Olanike Alabe, Renee Collymore and “Reality Check 2010”

0
213
One Perspective …
Olanike Alabe, Renee Collymore and “Reality Check 2010”
Many Americans have settled for the television reality show as a reflection of real life.  They also measure their own lives by the reality-show lives of the so-called real people who are “acting out” for the ever-present camera.  It’s the old Shakespeare line unplugged or reinvented:  “All the World’s a Stage.  All the people merely players.”
Yet, it’s more than entertainment here. The housewives, Snookie, The Situation and ilk  act out  because they can leverage “reality” as a way to push their cause and make behind-the-scenes big bucks.
So Dear Ola Alabi and Renee Collymore, you ladies appear to have played out your drama  in a  recent spate of derogatory emails, gossip-girl strategy tactic-antics,  name-calling, public displays of animosity.
The media, the internet, and the public arena are not the places to show Extreme Hubris or Angst especially when you’re in public office or running for or from something. The public can pick out – and will – every wart, mole, incompetency.
For examples of what to do and how to act, there are many — all role models from whom you can learn that activism and argument do  not preclude altruism; you can galvanize a public with grace as much as you can with gaucheness, and in defeat there can be victory; from victory, loss.
You can sit at the feet of Anna Jefferson and Elsie Richardson, founders of Medgar Evers College (see the cover) and learn more about politics and campaigning in one hour than in four years at Harvard.
But you, certainly need not look too far for role models. Nor for education.
Ladies, they happen to be right by your sides —  your dynamic and wonderful mothers.
But while you’re rediscovering what you probably already have been taught, here’s some advice:  Learn from yours and others’ mistakes, but don’t cast fault or aspersion; enjoy successes, but do not think it’s all about you.  If you’ve decided to stay in the public eye, act your best selves, but try not to act out unless it’s for the benefit for your family and community.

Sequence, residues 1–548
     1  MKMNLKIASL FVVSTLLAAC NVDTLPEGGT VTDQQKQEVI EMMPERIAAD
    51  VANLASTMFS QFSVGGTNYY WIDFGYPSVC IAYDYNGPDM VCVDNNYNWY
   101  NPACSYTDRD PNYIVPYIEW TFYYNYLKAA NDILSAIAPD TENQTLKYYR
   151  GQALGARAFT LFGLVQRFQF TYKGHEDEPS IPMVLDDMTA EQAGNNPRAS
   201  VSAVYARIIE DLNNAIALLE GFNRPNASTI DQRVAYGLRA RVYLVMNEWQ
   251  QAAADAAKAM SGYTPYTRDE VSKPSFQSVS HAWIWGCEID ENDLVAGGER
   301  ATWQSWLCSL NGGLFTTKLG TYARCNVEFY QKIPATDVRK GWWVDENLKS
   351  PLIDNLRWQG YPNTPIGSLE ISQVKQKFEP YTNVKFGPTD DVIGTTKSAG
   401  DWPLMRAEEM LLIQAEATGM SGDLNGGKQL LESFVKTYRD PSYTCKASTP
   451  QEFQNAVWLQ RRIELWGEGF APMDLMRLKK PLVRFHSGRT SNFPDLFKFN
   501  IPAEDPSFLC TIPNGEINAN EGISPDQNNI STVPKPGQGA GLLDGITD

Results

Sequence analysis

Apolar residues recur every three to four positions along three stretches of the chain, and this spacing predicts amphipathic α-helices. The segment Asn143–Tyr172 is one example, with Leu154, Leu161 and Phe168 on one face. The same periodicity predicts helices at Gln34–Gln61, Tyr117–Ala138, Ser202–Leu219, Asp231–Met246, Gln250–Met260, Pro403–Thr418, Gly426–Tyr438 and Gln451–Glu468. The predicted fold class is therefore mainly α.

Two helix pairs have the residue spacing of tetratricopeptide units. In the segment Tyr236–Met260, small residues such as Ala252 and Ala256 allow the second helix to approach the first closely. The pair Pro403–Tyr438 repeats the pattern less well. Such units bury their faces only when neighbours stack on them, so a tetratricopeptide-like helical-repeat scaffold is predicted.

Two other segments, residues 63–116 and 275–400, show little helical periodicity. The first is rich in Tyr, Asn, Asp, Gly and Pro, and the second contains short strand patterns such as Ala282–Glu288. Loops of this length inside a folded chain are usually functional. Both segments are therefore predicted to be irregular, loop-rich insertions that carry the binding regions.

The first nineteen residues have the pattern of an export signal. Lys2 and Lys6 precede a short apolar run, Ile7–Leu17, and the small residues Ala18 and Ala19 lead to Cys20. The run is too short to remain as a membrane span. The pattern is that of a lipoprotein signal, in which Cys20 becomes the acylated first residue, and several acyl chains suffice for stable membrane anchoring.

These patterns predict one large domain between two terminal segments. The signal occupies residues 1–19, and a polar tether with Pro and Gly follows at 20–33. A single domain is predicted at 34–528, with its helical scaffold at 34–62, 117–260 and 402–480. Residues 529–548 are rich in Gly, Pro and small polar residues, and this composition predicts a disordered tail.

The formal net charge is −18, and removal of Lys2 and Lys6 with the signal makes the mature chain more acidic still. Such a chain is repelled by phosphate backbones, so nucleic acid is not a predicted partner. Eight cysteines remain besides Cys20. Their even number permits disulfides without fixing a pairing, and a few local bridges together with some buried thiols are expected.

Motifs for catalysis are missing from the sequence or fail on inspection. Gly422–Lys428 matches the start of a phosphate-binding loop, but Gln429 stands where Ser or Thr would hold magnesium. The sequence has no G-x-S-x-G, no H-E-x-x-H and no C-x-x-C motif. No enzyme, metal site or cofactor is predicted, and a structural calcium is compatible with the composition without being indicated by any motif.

And remember,  it’s just an election.  You’ll always have a chance to do it again.
-Bernice Elizabeth Green

One Perspective …
Olanike Alabe, Renee Collymore and “Reality Check 2010”
Many Americans have settled for the television reality show as a reflection of real life.  They also measure their own lives by the reality-show lives of the so-called real people who are “acting out” for the ever-present camera.  It’s the old Shakespeare line unplugged or reinvented:  “All the World’s a Stage.  All the people merely players.”
Yet, it’s more than entertainment here. The housewives, Snookie, The Situation and ilk  act out  because they can leverage “reality” as a way to push their cause and make behind-the-scenes big bucks.
So Dear Ola Alabi and Renee Collymore, you ladies appear to have played out your drama  in a  recent spate of derogatory emails, gossip-girl strategy tactic-antics,  name-calling, public displays of animosity.
The media, the internet, and the public arena are not the places to show Extreme Hubris or Angst especially when you’re in public office or running for or from something. The public can pick out – and will – every wart, mole, incompetency.
For examples of what to do and how to act, there are many — all role models from whom you can learn that activism and argument do  not preclude altruism; you can galvanize a public with grace as much as you can with gaucheness, and in defeat there can be victory; from victory, loss.
You can sit at the feet of Anna Jefferson and Elsie Richardson, founders of Medgar Evers College (see the cover) and learn more about politics and campaigning in one hour than in four years at Harvard.
But you, certainly need not look too far for role models. Nor for education.
Ladies, they happen to be right by your sides —  your dynamic and wonderful mothers.
But while you’re rediscovering what you probably already have been taught, here’s some advice:  Learn from yours and others’ mistakes, but don’t cast fault or aspersion; enjoy successes, but do not think it’s all about you.  If you’ve decided to stay in the public eye, act your best selves, but try not to act out unless it’s for the benefit for your family and community.  And remember,  it’s just an election.  You’ll always have a chance to do it again. -Bernice Elizabeth Green